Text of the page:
“Avoid the undue shaming by mass punishments of government personnel in the presence of the public with media coverage,” FVR said.

Psychology and management experts say public shaming has not proven to be an effective form of discipline. One article said “public shaming begins to look like a tool designed not to humanely punish the person but rather to satisfy the crowd.”

Which was what Duterte did last Tuesday in Malacañang before 380 cops, none of them were involved in the reported extortion, kidnapping and killing of South Korean visitors.

An Interaksyon report said neither were they “ninja cops” - those who execute drug pushers and pocket merchandise and cash of the victim.

PNP chief Ronald dela Rosa and NCRPO director Oscar Albayalde said the policemen who had to endure Duterte’s tongue-lashing were being disciplined for minor infractions such as habitual tardiness and absenteeism.

Apparently, Duterte didn’t know because all he asked was “Kayo ang ipinadala dito ni Bato? “

The policemen, of course, “Yes, Sir.”

That cued him for his expletive-ridden performance : “Paano, dalawang taon lang sa pulis, gusto kotse kaagad, gusto ng bahay. Ito namang mga gago, na ulol kayo, kaya nga nag-iistambay, nagpapatrol na nandiyan sa mga bar, kaya iyong mga magaganda diyan, gusto ninyo inyo. Eh wala kayong pera, ayan. Ewan ko ilang tao na ang pinatay ninyo na inosente, na walang kamuwang-muwang. Pero hindi ko kayo palusutin, sa totoo lang. Huwag ninyo akong hamunin ng barilan, talagang papatulan ko kayo mga putang ina ninyo.” He said at first, he wanted them to clean the Pasig River which was full of water lilies that blocked the path of the presidential barge that brings him from Malacañang Park in the Otis where he stays to Malacañang Palace.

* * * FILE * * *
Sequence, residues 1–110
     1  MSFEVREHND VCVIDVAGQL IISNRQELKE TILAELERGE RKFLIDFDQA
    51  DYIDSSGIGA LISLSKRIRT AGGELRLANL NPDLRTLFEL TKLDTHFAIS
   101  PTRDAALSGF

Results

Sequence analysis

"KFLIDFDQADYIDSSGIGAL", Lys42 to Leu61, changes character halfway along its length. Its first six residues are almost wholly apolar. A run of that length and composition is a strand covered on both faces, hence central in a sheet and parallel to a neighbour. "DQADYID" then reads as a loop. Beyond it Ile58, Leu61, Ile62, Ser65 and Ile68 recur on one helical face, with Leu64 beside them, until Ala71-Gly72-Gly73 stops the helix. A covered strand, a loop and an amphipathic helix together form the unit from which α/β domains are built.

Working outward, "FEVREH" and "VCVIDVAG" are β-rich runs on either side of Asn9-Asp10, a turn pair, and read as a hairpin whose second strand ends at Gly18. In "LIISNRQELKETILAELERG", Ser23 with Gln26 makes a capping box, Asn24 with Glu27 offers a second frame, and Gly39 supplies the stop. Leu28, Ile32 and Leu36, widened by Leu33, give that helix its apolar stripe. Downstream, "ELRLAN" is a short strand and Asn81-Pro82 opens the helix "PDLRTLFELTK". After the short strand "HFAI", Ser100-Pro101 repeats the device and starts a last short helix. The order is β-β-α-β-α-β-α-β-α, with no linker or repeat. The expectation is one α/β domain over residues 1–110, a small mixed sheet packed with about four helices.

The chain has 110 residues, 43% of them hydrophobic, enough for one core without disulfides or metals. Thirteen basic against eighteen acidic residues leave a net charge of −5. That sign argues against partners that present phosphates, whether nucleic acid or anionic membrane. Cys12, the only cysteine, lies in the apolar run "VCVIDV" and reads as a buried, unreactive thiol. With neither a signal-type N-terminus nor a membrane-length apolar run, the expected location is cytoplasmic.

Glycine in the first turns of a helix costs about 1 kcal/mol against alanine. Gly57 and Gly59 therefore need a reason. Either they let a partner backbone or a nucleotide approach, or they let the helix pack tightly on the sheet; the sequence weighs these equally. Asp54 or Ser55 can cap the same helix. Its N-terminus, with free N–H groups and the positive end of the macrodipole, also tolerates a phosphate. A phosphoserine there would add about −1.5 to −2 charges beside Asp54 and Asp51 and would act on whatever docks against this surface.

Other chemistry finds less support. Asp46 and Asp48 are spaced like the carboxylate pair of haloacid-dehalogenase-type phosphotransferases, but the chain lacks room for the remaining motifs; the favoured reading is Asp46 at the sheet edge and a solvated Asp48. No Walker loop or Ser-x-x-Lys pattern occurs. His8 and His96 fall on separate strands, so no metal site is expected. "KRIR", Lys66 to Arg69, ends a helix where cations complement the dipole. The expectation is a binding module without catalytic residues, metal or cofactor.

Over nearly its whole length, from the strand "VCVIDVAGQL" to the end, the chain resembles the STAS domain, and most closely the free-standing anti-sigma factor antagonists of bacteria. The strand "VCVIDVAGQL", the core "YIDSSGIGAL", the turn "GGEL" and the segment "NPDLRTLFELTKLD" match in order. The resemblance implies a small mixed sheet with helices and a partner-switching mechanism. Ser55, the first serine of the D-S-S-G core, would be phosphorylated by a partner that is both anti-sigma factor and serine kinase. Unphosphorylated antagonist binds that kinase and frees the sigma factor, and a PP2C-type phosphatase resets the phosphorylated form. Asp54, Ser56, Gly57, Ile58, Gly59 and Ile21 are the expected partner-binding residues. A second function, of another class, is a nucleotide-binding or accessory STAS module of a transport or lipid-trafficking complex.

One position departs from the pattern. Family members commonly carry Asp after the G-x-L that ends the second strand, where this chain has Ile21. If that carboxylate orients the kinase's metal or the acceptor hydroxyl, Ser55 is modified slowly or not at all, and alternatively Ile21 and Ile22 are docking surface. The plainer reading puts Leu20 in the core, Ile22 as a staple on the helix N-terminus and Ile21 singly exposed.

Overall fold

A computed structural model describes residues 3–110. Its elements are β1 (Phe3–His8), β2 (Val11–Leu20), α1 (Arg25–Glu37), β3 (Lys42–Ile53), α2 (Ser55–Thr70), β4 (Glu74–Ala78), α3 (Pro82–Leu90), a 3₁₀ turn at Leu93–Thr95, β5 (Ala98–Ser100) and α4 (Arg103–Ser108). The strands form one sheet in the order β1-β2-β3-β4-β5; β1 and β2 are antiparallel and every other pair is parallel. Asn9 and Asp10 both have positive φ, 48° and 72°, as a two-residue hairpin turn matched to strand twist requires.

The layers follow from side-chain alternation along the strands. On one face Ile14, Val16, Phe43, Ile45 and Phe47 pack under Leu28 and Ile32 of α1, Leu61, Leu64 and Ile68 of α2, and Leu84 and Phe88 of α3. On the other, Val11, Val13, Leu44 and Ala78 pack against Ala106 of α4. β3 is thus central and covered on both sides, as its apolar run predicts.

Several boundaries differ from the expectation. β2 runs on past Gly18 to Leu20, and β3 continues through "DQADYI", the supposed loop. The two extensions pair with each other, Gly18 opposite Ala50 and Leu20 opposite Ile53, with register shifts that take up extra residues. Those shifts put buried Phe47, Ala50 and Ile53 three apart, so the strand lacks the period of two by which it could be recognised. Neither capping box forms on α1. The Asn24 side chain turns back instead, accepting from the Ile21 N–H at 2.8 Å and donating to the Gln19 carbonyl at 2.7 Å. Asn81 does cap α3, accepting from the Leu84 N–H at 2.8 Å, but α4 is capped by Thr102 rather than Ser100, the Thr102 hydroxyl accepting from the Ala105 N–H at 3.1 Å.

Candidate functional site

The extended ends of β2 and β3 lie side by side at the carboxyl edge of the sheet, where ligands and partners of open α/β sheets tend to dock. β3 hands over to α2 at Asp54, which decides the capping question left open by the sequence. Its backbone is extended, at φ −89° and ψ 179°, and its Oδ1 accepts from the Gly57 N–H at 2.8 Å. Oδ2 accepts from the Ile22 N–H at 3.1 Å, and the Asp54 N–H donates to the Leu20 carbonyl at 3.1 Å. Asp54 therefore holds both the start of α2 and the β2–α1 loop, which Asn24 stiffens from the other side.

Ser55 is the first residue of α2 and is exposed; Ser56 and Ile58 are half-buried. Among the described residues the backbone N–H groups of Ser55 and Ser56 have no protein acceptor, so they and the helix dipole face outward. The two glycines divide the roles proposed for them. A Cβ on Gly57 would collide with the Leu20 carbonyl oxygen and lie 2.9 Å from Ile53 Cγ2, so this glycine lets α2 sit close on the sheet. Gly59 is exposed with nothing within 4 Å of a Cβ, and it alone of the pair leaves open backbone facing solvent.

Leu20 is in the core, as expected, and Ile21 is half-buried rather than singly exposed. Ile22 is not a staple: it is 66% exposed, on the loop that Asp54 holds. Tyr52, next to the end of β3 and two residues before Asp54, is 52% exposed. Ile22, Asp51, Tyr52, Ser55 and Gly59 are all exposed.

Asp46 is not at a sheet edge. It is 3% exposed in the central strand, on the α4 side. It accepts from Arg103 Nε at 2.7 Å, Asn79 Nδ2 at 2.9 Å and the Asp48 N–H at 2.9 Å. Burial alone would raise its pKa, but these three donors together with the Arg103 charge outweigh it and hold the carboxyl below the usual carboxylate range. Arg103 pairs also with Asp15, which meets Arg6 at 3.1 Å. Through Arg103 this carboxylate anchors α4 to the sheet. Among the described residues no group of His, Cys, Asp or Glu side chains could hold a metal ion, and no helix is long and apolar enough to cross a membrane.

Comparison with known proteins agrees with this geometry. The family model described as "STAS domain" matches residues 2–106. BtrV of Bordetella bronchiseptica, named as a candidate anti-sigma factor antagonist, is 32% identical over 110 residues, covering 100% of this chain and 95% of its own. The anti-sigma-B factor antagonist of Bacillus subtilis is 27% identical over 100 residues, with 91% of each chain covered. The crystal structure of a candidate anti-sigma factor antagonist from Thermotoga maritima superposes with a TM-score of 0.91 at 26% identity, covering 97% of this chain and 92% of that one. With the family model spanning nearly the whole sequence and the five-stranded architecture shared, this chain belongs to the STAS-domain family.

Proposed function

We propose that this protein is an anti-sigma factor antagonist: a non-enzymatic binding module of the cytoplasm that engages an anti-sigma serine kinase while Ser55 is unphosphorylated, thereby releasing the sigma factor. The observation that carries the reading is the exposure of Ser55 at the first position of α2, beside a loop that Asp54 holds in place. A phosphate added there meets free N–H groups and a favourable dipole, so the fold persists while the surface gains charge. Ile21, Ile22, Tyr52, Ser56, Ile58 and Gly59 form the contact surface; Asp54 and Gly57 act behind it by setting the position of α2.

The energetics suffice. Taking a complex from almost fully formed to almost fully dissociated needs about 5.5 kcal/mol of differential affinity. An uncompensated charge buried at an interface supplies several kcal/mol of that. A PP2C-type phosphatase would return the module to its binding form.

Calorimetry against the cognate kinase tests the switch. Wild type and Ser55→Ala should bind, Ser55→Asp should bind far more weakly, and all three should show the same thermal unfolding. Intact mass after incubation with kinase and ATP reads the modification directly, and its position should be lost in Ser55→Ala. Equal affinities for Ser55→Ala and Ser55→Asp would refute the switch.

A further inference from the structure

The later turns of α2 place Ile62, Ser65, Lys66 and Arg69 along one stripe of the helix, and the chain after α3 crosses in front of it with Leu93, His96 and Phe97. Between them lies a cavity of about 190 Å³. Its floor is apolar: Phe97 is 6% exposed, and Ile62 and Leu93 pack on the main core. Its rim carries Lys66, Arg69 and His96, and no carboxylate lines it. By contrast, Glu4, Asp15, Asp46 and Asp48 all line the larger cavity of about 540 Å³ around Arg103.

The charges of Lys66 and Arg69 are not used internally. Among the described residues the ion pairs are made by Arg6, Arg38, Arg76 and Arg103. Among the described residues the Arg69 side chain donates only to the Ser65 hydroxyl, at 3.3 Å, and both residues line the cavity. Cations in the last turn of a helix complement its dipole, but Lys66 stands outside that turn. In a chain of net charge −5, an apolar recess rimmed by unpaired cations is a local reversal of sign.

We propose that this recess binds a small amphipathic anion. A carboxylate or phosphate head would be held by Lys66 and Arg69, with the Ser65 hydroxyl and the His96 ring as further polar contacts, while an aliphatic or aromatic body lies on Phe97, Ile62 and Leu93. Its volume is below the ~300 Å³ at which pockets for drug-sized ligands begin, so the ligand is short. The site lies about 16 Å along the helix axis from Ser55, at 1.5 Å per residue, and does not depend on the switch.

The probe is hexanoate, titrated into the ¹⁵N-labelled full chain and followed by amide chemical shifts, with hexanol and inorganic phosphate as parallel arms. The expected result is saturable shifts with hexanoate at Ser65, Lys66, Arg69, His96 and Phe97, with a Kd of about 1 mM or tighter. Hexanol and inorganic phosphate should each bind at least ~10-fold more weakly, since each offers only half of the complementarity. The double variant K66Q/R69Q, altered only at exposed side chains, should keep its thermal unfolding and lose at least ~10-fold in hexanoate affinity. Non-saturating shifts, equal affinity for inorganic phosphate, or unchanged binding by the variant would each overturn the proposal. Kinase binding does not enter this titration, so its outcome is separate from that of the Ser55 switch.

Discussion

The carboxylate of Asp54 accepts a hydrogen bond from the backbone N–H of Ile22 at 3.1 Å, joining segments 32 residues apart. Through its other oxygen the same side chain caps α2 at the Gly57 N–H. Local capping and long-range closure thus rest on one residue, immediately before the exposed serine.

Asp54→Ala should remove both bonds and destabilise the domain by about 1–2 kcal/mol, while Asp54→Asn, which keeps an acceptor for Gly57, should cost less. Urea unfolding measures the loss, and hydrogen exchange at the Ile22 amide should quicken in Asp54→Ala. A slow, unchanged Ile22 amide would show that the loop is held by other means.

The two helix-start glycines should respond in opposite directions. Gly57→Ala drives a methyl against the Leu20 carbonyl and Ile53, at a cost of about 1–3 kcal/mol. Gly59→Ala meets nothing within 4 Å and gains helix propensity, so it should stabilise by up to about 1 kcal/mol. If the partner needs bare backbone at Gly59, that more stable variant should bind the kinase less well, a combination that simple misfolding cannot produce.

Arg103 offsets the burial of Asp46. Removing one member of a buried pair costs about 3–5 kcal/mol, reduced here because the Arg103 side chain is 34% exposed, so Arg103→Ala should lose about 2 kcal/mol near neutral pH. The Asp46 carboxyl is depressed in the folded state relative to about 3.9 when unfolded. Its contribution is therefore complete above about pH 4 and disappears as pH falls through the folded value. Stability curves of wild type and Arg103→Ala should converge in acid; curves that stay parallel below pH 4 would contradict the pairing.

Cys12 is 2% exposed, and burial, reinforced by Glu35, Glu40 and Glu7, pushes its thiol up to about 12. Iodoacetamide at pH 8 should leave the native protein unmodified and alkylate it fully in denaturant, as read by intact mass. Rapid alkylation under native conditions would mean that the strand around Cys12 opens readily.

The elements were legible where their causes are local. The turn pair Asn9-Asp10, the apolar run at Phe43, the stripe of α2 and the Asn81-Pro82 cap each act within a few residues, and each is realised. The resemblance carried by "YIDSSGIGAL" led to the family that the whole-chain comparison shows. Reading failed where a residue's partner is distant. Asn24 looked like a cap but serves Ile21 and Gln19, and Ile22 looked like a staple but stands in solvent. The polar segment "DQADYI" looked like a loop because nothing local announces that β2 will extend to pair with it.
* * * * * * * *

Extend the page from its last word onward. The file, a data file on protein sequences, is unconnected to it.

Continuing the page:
He wanted the policemen to eat those water lilies as punishment.

“Gusto ko kayong ihulog diyan pütang inang Pasig na iyan. Pero huwag na lang kasi itong Human Rights kung anong nakikita naman sa buhay ng isang taga-gobyerno na gustong disiplinahin kayo. Gusto ko palinisin ko kayo ng … magbalik kayo dito, mag-swimming trunks, linisin ninyo iyong Pasig River. Inumin ninyo kasi madumi, putang ina kayo,” he ranted.

But he said he changed his mind because the water lilies are gone. He said he decided to send them to Basilan: “So prepare to move out. Doon makita mo iyong kagaguhan mo doon. Ikuwentro mo doon Abu Sayyaf pati mga Tausug. Doon kayo. Täng ina ninyo. Buwisit kayo.”